Hardcover, First Edition: 264 pages, 261 illustrations
You Can’t Eat Dirt is published by the Fan Palm Research Project.
Part autobiography, part biography, this beautifully designed book—filled with photographs, maps, historical documents, and news clippings–chronicles how, in 1952, Vyola Olinger (later Ortner)–then a wife, mother, and small-business owner living in Downey, California–unexpectedly found herself vice chairman of the Tribal Council for the Agua Caliente Band of Cahuilla Indians. In fascinating detail, it describes Olinger’s rapid ascent to Tribal Council Chairman of this disadvantaged band in Palm Springs, California. It explains how–against all odds, including one of the greatest human motivators ever—economic greed–Olinger and her fellow female tribal leaders set in motion a sequence of events during the 1950s that would alter the destinies and fortunes of their native people and, ultimately, Native Americans across the nation.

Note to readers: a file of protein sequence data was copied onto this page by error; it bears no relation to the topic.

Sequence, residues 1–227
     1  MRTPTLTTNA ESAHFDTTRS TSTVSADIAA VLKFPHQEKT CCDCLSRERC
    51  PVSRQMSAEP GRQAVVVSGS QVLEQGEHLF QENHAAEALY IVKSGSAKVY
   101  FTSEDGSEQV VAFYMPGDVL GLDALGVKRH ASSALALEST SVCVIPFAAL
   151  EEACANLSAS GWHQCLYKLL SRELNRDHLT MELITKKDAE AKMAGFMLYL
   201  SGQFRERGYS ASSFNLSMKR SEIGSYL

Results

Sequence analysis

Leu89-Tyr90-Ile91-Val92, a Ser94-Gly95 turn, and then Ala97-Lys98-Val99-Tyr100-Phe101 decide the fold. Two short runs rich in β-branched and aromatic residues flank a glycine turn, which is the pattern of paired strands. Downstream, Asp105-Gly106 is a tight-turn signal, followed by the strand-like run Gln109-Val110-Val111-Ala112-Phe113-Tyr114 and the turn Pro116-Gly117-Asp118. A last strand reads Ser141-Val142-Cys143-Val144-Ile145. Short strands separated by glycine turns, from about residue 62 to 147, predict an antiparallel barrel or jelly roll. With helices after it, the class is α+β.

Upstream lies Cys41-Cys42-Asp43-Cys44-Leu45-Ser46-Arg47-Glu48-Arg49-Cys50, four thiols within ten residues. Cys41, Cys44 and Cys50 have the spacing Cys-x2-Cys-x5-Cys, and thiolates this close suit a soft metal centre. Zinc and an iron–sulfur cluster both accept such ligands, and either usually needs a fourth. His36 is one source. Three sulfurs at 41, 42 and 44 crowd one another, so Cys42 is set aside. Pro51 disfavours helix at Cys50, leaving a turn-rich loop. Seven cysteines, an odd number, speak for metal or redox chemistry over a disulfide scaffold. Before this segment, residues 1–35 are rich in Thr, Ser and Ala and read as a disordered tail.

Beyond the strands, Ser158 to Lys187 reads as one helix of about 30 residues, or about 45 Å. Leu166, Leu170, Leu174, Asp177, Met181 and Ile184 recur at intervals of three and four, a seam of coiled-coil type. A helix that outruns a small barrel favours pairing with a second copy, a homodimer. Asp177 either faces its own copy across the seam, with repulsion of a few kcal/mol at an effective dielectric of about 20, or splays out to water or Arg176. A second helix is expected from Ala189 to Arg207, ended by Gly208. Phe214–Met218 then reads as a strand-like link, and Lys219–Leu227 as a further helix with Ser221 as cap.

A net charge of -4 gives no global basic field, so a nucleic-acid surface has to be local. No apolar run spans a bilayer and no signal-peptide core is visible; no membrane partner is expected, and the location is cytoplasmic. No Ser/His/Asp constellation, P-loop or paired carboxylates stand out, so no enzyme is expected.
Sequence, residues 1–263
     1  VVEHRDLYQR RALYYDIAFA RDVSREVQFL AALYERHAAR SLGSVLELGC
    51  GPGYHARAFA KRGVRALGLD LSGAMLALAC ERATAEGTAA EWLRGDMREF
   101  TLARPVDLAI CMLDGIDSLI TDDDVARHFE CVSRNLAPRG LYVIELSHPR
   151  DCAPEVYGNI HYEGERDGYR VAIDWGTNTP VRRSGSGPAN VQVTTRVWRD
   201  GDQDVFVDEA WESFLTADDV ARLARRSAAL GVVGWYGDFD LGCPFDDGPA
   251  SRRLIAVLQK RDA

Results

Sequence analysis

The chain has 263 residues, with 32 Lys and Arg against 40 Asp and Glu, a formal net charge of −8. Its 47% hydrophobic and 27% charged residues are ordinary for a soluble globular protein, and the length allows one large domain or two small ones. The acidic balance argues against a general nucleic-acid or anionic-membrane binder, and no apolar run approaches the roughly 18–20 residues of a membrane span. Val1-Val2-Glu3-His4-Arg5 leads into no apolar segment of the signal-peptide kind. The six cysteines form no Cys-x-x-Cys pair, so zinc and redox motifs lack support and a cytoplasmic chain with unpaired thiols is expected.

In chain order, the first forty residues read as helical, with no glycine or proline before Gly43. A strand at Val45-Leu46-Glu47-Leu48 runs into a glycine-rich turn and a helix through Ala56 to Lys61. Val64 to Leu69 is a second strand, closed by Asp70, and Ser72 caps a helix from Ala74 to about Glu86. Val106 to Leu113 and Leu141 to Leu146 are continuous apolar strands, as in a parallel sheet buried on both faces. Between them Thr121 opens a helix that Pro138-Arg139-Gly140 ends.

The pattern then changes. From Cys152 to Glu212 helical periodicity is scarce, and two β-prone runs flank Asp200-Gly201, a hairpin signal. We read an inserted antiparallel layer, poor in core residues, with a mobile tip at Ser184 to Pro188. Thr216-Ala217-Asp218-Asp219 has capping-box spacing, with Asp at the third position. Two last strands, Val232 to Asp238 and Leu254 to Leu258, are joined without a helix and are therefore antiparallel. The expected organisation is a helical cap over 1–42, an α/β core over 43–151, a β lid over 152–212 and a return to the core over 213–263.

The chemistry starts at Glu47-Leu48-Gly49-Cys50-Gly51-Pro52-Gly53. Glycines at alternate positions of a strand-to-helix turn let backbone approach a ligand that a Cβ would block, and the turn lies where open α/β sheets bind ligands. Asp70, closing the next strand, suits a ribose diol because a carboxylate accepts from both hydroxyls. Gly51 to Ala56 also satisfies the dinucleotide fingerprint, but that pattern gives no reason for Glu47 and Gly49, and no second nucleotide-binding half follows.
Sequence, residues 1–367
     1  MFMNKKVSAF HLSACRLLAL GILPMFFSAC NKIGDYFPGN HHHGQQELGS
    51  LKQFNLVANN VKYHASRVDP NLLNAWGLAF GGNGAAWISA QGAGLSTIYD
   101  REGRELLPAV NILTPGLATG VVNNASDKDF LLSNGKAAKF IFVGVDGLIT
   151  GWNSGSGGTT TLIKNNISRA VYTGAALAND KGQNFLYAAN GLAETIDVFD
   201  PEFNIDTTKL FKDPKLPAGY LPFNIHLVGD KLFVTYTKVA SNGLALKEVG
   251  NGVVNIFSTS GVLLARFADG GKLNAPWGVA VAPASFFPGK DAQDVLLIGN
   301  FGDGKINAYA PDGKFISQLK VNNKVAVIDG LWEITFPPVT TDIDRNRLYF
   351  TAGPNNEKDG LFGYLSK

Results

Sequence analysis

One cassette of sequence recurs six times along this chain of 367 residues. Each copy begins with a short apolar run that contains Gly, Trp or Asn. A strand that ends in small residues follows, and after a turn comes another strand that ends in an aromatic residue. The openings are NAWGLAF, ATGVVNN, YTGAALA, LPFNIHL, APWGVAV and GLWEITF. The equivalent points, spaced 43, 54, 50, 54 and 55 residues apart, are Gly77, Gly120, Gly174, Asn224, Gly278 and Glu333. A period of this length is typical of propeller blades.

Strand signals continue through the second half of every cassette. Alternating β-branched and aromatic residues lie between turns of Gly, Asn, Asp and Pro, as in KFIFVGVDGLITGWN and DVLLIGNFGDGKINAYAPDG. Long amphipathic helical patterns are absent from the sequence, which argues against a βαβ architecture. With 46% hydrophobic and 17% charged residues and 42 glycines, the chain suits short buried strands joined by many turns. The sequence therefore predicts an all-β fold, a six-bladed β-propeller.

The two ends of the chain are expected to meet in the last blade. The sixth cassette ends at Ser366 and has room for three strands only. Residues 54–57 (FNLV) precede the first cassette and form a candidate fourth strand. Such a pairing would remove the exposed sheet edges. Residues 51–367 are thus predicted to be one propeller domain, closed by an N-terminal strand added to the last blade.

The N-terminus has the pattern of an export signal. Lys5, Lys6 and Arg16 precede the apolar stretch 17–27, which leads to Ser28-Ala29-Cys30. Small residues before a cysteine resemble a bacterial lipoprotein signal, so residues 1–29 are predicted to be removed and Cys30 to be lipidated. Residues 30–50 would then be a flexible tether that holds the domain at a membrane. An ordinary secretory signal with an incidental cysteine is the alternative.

While a woman’s singular journey is the unifying thread of You Can’t Eat Dirt, this multifaceted volume also presents a history of the modern Agua Caliente Cahuilla and documents the tribe’s significant role transforming Palm Springs into a modern world-class resort. Set against a rich display of historical photographs and rare documents, it features Ortner’s first-hand account of her years as a tribal and civic leader. It is supplemented with a substantial critical and historical essay on her political work by Diana C. du Pont.
A comprehensive chronology provides both a record of Ortner’s public life and a selected timeline of important events in Native America, especially the Agua Caliente Cahuilla. The book also offers valuable insight on Ortner’s contributions through forewords by Ross O. Swimmer, Principal Chief of the Cherokee Nation, 1975-85; Assistant Secretary of the Interior for Indian Affairs, 1985-89; and Special Trustee for American Indians, United States Department of the Interior, 2001-09, and Lowell John Bean, Professor Emeritus, Anthropology, California State University, Hayward.
Center: In Washington, DC, on Capitol Hill, with US Congressman
D.S. Saund and Mayor of Palm Springs, Frank Bogert, late 1950s.
Bottom and header image: Agua Caliente Cahuilla Tribal Council, 1956.